NASA scientists mine Apollo-era lunar samples to study moon for Artemis mission – Reuters

NASA scientists are excavating the last unopened lunar sample from the Apollo era to learn more about the moon and prepare for a return to the lunar surface. NASA’s Artemis mission aims to bring cold, sealed samples back near the moon’s south pole. The sample was opened at NASA’s Johnson Space Center in Houston and is being studied by the Apollo Next Generation Sample Analysis Program (ANGSA) – a scientific team aimed at the upcoming Antarctic mission Artemis ) before learning more about the sample and the lunar surface. moon.

“Understanding the geological history and evolution of lunar samples from the Apollo landing sites will help us prepare for the types of samples we may encounter during Artemis,” said Thomas Zubchen, associate administrator for NASA’s Science Mission Directorate in Washington, D.C. A statement said . .

When the Apollo astronauts returned with these samples some 50 years ago, NASA had the foresight to leave some of them unopened and pristine.

ANGSA sample 73001 is part of the Apollo 17 trainer tube sample collected in December 1972 by astronauts Eugene Cernan and Harrison “Jack” Schmitt.

Astronauts hammered a pair of connected 1.5-by-14-inch tubes into the lunar surface to collect rock and soil fragments from landslide deposits in the lunar Taurus-Littrow Valley.

The astronauts then individually sealed a vacuum training tube on the moon and sent them back to Earth. Only two training tubes on the moon have been vacuum-sealed in this way, and this is the first to be opened.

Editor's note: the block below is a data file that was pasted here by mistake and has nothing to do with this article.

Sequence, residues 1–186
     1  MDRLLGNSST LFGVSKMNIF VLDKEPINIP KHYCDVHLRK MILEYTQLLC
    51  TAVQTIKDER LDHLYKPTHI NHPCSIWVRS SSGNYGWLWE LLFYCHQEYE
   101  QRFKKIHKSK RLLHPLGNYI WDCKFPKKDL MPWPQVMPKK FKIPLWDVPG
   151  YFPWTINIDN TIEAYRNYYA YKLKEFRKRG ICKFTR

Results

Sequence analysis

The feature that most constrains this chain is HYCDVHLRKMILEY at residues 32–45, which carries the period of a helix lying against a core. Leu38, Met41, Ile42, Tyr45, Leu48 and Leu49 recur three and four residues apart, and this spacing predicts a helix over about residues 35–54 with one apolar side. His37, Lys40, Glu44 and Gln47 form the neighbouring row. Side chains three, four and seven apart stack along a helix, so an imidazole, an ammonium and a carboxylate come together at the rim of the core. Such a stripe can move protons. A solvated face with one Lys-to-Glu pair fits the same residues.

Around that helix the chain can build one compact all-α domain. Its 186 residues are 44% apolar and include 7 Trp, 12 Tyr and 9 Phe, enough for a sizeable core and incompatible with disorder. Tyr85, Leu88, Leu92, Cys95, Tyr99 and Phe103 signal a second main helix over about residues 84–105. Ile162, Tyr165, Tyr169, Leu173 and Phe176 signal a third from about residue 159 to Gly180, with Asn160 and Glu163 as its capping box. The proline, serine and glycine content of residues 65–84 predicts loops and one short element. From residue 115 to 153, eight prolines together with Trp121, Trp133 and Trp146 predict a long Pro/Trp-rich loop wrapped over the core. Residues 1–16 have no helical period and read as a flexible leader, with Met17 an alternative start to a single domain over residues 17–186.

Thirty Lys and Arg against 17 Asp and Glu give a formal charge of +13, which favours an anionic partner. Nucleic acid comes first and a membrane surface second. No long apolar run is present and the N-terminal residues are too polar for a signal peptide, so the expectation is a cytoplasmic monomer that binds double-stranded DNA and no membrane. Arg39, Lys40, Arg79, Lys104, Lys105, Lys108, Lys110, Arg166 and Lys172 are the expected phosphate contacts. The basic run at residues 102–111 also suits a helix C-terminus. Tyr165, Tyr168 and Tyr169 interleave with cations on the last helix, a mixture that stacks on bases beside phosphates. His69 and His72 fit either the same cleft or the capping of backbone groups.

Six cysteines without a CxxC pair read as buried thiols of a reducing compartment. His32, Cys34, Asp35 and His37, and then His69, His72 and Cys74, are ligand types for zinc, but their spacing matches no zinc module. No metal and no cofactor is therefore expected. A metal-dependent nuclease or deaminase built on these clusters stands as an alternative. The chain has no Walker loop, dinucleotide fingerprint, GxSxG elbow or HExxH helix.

The other half of the training tube, 73002, was returned in an unsealed container, which was opened in 2019.

Now, the scientists are focusing on the lower sealed part of the core – sample 73001.

It has been carefully stored in a protective external vacuum tube and controlled atmosphere environment.

The amount of gas expected in this sealed Apollo sample is probably very small.

If scientists can carefully extract these gases, they can be analyzed and identified using modern mass spectrometry techniques.

The device used to extract and collect the gas is called a manifold.

A team from the European Space Agency led a team to build this special tool to carefully puncture the container containing the lunar sample without letting any gas escape.

Together, they created and rigorously tested a one-of-a-kind system to collect extremely valuable materials—gases and solids—enclosed inside containers.

On February 11, the team began a painstaking process that lasted several months, first by opening the outer protective tube and trapping any gas inside, thereby removing the sample.

They knew what gases had to be present in the outer container and found that everything worked as expected.

The tube does not appear to contain lunar gas, suggesting that the seal on the inner sample tube may still be intact.

On February 23, the team began the next phase: a weeks-long process of destroying the inner container and slowly collecting all the lunar gas it hopes is still inside.

Once the gas extraction process is complete, the ARES team will be ready to carefully remove the soil and rocks from the container, possibly later this spring.

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